My sister is at school for and loves the obedient, eager students. The insolent, disobedient, disrespectful students she detests. And she’ll tell you there are so many of them! She feels they are the product of a society that gives them too many rights, that allows them too much freedom. What they need is to do a good days work, discipline and to see how the real world works. I disagree.
Student behavior (or misbehavior) is a product and reaction to the present wider society and culture. No amount of coersion, shock therapy or force will change that. If teachers want “better” behaved students in school – they need to join a wider revolution within society and make for change. As it stands our society, our families produce these “problem” students. A teacher, like any citizen IS part of the problem. We can’t punish students and make the world turn back into 1953.
Furthermore, we have an environment in school and out that treats children as second class citizens. Students today grow up so fast, gain so much “intelligence” so quick – of course they figure out quickly how irrelevant school is in this day and age. How they have no rights and are daily ordered like prisoners to do this, go here, be that. What might Carl Rogers say at how ill school is at the most fundamental feature of education – creating strong social relationships and personal “value”. As he says, student must feel “at a deep level that their subjective experience is both respected and progressively understood.”
The cure is not more restraints, nor more punishments. Education, teaching is about “doing no harm” and creating citizens and a society we want. Why do we continue down the road of competition and ranking students by intelligence when the end goal is to create a well adjusted individual? Shouldn’t the students we applaud be those who are happy, who have independent personalities and inner strength and will?
I look at our society and I feel shame. Perhaps besides being a teacher, that is why I am a poet. I want the world to see how shameful it is, as it is. I’m shamed that we would do these things to children. I’m shamed that our culture is so militant and violent, passively violent. I’m shamed how the Ultimate Fighter can be part of school curriculum yet peace is given such short thrift. I’m ashamed that teachers don’t have the freedom to teach nor students the freedom or permission to learn. I’m ashamed how students spend hours and hours in school and learn all the wrong things. I’m ashamed how teachers the world over never, ever, ever ask their students what they’d like to learn today.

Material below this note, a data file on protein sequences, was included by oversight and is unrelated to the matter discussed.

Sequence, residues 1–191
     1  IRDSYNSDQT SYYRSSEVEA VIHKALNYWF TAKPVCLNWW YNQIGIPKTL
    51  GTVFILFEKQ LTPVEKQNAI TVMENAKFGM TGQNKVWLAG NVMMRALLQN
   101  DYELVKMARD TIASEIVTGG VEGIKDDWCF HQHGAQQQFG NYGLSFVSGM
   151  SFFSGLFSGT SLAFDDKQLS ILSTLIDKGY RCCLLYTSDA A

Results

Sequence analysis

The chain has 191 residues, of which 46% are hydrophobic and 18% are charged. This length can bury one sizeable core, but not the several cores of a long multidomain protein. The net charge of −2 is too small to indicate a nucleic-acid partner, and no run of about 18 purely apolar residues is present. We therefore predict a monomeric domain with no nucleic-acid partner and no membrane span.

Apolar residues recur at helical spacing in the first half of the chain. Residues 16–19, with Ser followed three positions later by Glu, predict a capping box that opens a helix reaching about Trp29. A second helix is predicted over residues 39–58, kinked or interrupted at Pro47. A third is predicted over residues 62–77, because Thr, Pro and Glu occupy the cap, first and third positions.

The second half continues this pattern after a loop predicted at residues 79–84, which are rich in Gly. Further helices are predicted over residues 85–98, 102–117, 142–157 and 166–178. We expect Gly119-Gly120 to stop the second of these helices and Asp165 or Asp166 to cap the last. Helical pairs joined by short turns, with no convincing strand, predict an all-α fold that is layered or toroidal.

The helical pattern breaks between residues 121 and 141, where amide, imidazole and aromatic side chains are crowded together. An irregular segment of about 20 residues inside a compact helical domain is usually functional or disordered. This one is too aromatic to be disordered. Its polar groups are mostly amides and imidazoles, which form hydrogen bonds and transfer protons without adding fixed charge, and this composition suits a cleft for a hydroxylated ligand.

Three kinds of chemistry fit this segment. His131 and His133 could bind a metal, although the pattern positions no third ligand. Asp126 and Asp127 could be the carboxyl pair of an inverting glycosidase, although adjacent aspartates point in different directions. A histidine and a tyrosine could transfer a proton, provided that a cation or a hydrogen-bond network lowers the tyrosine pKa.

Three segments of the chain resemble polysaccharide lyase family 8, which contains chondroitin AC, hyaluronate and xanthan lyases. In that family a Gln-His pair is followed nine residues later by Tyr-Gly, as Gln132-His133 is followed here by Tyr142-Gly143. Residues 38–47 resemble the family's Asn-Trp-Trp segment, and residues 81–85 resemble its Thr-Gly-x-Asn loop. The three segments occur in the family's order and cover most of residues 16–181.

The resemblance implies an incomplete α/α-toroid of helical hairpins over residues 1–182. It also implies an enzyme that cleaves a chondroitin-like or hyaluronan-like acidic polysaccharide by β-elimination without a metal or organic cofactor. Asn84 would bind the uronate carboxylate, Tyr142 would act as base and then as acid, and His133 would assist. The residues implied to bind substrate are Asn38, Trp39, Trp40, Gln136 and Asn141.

Last week, took down Summerhill from my bookshelf for a read on the toilet. I read over his thoughts describing the difference between license and freedom – the free and unfree child. They should be required reading for all teachers. I’ll end with a few quotes
I believe to impose anything by authority is wrong (in school). The child should not do anything until he comes to the opinion – his own opinion – that it should be done. The curse of humanity is the external compulsion whether it comes from the Pope or the state or the teacher or the parent. It is fascism in toto. pg 114.
It is this distinction between freedom and license that many parents cannot grasp. In the disciplined home (school), the children have no rights. In the spoiled home (school), they have all the rights. The proper home is on e in whcih children and adults have equal rights. And the same applies to school.pg 107
People who protest the granting of freedom to children (students) and use this argument (that life is hard, we need to teach children to obey and have discipline – my entry), do not realize that they start with an unfounded assumption – the assumption that a child will not grow or develop unless forced to do so. Yet the entire thirty nine years of experience of Summerhill disproves this assumption. pg. 109
People are always saying to me, “But how will your free children ever adapt themselves to the drudgery of life? I hope that these free children will be pioneers in abolishing the drudgery of life. pg 114.
Call me a rosy, academic idealistic, my sister certainly would. But look around, do you see much else working? I do hope one day to have my own school and “cultivez ma jardin” and be the change through some boots on the ground. Until then, these mere words and a beating heart must suffice.
PS. I wanted to throw a lot of links/references into this post but decided against. Used my own voice and that should suffice.
The Gates Foundation is pouring money into “better educational outcomes”. Lots of money. But little of it is going into the pockets of working teachers. In fact, most of it is going into designing tests, creating standardized curriculum and what I call, “fudging”, designing a system that will give improvement by the book but hides an underlying lack of learning and preparation for the future. The Gates foundation preports to know what makes a “great teacher” and thus can judge teachers, fire the bad ones and make the whole system better. Their constant refrain is that the most important factor in improving student outcome is the teacher. Very true. However, you aren’t going to do it without paying teachers well. That’s the bottom line.